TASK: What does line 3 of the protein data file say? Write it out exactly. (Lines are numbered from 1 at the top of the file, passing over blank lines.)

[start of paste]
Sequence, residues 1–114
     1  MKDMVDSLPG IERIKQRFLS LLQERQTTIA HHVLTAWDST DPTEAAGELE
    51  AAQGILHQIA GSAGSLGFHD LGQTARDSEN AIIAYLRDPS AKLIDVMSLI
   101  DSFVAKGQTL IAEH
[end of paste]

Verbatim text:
    51  AAQGILHQIA GSAGSLGFHD LGQTARDSEN AIIAYLRDPS AKLIDVMSLI